But note how Jesus phrases his invitation to take his yoke. “Take my yoke upon you…and learn from me”. The Hebrew word that is commonly translated as Law is TORAH. And the basic meaning of TORAH is instruction. That is why the Jews refer to the Bible, especially the first 5 books, as TORAH. The Jews don’t primarily mean Law as we use the word to refer to rules and regulations. They mean instruction. When Jesus invites us, who are weary and are carrying heavy loads to take his yoke upon ourselves, he is inviting us to be learners, not to receive a new set of laws or rules or regulations to be obeyed or requirements to be fulfilled or penalties to be paid.
Jesus says, “Come, take the yoke of instruction upon you, learn from me, and you will find rest.” The word REST is very simple—it means exactly what you think it means. It means, when you’ve been hiking up the mountain, carrying a heavy backpack, coming to a shaded spot under a tree and taking off all of that gear, sitting down and finding rest. It means, when you’ve been carrying your heavy groceries home, you can set them down and rest. It means, when you have been traveling for work most of the month, you arrive home finally, unpack, enjoy a warm bath, your own bed, and rest. It means, when asked, “How are you?”, to not pridefully declare how busy you are, but to respond with gratitude for the invitation to rest from all you are doing, to assess how you really are and what you need. We find rest when we feel that our labors are meaningful. Barry Schwartz, a visiting professor of management at the University of California, Berkeley, says: “You don’t have to be curing cancer. We want to feel that we’re making the world better, even if it’s as small a matter as helping a shopper find the right product at the grocery store. You can be a salesperson, or a toll collector, but if you see your goal as solving people’s problems, then each day presents 100’s of opportunities to improve someone’s life, and your satisfaction increases dramatically,” Schwartz says. The promise of Jesus is that you can find rest from carrying your heavy load.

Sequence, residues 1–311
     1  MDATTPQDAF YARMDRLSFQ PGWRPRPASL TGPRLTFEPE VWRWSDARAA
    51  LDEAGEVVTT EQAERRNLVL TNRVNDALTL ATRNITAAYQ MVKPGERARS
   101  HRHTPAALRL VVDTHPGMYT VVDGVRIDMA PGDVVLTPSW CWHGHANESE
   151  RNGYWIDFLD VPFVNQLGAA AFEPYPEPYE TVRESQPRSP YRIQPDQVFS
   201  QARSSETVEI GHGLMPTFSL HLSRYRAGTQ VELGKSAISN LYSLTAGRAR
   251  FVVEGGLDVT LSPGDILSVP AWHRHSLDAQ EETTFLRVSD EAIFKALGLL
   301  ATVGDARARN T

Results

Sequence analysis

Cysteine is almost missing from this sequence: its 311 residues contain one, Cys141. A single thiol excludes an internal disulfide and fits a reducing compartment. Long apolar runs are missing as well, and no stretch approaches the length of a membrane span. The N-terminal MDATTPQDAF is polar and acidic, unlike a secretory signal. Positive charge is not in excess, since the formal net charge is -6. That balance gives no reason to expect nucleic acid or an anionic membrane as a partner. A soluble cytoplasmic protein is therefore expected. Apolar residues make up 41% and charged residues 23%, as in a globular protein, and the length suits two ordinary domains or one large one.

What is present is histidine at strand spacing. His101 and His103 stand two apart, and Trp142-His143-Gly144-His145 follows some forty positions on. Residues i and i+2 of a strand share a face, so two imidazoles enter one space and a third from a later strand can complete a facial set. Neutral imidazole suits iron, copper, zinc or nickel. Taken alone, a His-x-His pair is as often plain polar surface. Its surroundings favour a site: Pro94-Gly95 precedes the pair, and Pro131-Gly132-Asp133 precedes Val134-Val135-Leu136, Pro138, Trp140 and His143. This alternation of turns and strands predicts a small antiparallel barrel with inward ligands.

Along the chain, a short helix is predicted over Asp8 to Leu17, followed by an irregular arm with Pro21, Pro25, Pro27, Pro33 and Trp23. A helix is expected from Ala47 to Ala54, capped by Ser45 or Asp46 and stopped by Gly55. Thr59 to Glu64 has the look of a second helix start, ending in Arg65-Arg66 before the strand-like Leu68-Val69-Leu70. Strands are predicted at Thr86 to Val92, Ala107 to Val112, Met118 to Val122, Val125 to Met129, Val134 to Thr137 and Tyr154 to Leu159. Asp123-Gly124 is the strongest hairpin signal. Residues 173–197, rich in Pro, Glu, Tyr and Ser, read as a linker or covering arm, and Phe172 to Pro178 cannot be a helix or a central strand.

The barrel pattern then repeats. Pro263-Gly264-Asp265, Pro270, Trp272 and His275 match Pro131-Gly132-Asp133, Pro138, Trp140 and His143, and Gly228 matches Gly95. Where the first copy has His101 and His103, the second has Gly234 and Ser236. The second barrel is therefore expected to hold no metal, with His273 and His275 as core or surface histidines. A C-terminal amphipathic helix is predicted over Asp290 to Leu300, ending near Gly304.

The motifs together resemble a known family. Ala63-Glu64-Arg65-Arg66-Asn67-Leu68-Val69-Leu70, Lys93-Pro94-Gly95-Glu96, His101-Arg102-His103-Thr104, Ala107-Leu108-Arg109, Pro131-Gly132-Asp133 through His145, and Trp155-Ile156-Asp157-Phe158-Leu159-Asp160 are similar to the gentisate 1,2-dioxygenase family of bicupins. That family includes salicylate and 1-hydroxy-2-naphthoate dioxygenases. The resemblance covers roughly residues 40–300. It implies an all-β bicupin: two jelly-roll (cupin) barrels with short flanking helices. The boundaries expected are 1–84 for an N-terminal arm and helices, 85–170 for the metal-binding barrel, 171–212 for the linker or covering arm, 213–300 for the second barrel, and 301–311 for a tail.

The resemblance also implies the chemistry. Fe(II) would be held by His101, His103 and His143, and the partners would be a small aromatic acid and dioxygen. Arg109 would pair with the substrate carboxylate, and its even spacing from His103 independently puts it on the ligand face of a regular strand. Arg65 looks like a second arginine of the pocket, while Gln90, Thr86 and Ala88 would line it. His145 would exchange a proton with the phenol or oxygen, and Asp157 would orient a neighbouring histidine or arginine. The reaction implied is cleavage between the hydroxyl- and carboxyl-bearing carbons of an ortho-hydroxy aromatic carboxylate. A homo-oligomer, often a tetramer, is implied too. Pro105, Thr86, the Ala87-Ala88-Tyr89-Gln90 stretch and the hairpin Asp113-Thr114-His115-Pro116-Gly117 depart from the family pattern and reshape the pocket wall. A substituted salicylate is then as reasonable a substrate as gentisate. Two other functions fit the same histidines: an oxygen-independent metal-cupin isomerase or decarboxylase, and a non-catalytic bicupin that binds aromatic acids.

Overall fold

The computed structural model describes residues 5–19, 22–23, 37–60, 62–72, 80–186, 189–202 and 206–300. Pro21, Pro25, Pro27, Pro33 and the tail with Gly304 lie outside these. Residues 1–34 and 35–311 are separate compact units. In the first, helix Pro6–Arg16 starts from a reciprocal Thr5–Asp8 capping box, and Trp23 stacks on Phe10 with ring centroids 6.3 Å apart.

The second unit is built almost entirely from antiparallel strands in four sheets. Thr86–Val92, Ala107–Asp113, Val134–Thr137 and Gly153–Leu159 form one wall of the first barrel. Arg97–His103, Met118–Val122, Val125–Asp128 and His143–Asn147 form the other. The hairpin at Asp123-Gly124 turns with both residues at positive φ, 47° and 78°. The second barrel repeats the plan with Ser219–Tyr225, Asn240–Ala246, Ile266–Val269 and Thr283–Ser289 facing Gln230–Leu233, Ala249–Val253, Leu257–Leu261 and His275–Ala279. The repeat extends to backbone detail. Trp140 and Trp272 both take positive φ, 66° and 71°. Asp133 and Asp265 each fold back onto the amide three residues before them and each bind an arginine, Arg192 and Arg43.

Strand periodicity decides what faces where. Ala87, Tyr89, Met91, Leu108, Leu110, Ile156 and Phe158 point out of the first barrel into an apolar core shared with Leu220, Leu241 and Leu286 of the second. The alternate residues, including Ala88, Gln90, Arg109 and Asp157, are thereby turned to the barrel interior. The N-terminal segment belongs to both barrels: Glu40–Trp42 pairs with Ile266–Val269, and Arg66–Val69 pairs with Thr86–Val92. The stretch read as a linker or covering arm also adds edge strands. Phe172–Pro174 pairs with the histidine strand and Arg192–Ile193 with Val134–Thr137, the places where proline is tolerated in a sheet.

It is important to remember that this is a promise that comes from Jesus. In contrast to the yoke of slavery that a victorious military commander might place upon us, Jesus invites us to take his yoke upon us not as a conqueror, but more as one who himself has been conquered…and crucified. And along with the invitation is the assurance and the promise that Jesus will always be present with us. If you think about putting on the Yoke of Christ, it is clear that you will not be going through any experience alone. At the beginning of the sermon, I described how a yoke was a wooden frame placed over the necks of two animals, keeping the 2 animals going in the same direction. The animals became yoked mates. Well, I like what that says about putting on the Yoke of Christ. We become Yoked Mates with Christ, who helps us to go in the same direction. Isn’t that a wonderful image for how we might relate to one another as sisters and brothers in Christ. In the church, if we could go to one another and become yoked mates—young and old, male and female, Republican and Democrat, gay and straight, rich and poor—bearing each other’s burdens, we then can come to experience the REST which Jesus promises.
The 1.2 million friend added a final comment to the author of the article in The NY Times Magazine, “I’m jealous of everyone who had the guts to do something that made them happy; it seemed like too big a risk for me to take when we were in school.” The author described himself as one of the also-rans of the class, the ones who failed to get the jobs they wanted when they graduated. They had been passed over by McKinsey & Company and Google, Goldman Sachs and Apple, the big venture-capital firms and prestigious investment houses. The author made the decision to go into the field of journalism. Some of his classmates thought he was making a huge mistake by ignoring all the doors Harvard Business School had opened for him in high finance and Silicon Valley. What his classmates didn’t know was that those doors, in fact, had stayed shut—and that as a result, he was saved from the temptation of easy riches. The author has been thankful ever since, grateful that his bad luck made it easier to choose a profession that he’d loved. He learned the valuable lesson that “the smoothest life paths sometimes fail to teach us about what really brings satisfaction day to day; finding meaning, whether as a banker or a janitor, is difficult work. Usually life, rather than a business-school classroom, is the place to learn how to do it.”
So whatever your burden, I encourage you to respond to the invitation of Jesus. But remember, Jesus will not put his yoke upon you. Jesus can only invite you to take his yoke. You have to choose to put it on yourselves. Let him teach you. Let him give you rest. Go to Jesus as a learner, ready to be instructed. Ask him to teach you about your burden, and be prepared to receive an answer you had never considered before.